Sunday, September 9, 2012

More Power, Better

The universe runs on energy and time. I seem to have little of either these days. Happily, research into power generation and storage technology marches on unaffected by my whining.

Microbial fuel cells. I had no idea such things existed. Scientists at Ohio State University know all about them, and have made what appears to be a big boost in their ability to generate electricity from waste water. If their process proves out in the field, it could lead to waste water treatment plants actually producing a net positive amount of power. The same process can apparently be used with animal waste and even the waste produced when brewing beer.

Meanwhile over at UCLA, the boffins are working on transparent solar cells. This is more impressive than it may sound at first. After all, solar cells must contain the electrical components to gather the power, and the very act of absorbing light results in a visibility degradation. The transparent cells absorb their power from infrared light rather than visible, and the description of the electronics involved contains multiple uses of the prefix nano-.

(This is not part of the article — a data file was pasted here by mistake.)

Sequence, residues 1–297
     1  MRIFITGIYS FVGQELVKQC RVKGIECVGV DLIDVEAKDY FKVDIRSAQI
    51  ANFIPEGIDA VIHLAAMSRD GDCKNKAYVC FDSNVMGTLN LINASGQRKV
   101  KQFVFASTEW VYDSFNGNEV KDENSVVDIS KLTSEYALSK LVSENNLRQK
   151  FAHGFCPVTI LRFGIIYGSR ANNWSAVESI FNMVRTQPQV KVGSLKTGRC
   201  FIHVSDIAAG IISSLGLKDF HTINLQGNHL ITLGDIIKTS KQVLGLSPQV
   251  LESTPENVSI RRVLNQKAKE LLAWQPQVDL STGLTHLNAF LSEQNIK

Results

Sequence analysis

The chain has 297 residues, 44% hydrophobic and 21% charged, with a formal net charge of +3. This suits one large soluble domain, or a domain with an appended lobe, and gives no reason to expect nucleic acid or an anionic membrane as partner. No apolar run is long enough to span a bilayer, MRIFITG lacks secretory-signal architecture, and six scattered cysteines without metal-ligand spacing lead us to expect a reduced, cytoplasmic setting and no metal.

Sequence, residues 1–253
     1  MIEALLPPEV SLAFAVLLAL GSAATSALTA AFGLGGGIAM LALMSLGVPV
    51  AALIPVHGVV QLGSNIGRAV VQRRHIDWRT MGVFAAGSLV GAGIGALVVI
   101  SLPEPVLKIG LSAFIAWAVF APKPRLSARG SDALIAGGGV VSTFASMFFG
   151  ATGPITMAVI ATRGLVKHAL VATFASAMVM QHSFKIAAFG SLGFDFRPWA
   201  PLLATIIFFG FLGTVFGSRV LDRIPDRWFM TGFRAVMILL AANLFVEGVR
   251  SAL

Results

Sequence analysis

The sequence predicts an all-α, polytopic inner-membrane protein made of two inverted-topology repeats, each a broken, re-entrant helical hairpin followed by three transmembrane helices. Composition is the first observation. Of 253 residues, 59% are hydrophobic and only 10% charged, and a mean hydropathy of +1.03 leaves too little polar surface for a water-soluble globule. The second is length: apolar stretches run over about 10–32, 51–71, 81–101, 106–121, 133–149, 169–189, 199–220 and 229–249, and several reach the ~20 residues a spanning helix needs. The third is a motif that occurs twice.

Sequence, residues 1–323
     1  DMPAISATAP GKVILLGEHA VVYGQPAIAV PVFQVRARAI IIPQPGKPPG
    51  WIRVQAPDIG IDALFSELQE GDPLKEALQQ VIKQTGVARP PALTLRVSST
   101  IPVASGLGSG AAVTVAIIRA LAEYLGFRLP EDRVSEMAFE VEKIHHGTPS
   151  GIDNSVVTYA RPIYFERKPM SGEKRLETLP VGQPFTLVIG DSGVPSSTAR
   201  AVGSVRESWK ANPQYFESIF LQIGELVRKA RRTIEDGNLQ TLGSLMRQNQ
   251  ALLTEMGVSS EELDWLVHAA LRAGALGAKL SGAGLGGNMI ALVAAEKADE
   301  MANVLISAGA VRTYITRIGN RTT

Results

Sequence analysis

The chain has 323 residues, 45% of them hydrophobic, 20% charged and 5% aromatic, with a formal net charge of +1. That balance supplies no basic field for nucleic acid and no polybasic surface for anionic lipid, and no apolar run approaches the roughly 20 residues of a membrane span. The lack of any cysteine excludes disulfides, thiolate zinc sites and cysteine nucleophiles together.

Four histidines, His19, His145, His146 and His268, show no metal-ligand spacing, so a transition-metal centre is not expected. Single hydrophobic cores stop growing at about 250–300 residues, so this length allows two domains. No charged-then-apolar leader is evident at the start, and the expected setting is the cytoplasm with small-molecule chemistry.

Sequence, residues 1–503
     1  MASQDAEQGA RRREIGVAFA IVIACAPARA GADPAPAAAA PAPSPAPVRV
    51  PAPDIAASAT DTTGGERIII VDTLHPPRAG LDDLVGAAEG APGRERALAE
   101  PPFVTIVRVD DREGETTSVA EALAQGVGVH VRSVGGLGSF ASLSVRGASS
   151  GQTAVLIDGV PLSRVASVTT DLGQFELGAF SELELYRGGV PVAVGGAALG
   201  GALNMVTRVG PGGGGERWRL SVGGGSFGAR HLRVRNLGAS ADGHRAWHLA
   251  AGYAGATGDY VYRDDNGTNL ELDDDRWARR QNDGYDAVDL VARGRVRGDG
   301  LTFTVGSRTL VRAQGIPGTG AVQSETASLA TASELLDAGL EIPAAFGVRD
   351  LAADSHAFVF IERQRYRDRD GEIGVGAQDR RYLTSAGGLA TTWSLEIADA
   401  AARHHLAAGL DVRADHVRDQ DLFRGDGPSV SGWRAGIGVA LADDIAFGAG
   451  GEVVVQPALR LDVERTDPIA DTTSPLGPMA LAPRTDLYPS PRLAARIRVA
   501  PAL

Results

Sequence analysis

Generating power is all well and good, but you have to be able to either do it continuously, or you have to store it somewhere. Supercapacitors remain excellent performers in their realms, but have far lower energy capacity for their weight than batteries. Stanford researchers are studying a new electrode material made from a polymer hydrogel that enables both cheaper manufacture and higher energy density.

Battery researchers are not standing still either. Another group at Stanford is working a new electrode material for Lithium-air batteries which they believe has the potential for an order of magnitude increase in storage capacity. That is the kind of thing that could transform a 45-mile range electric car into a 400-mile range or create a smart phone that could go for more than a week between charges.

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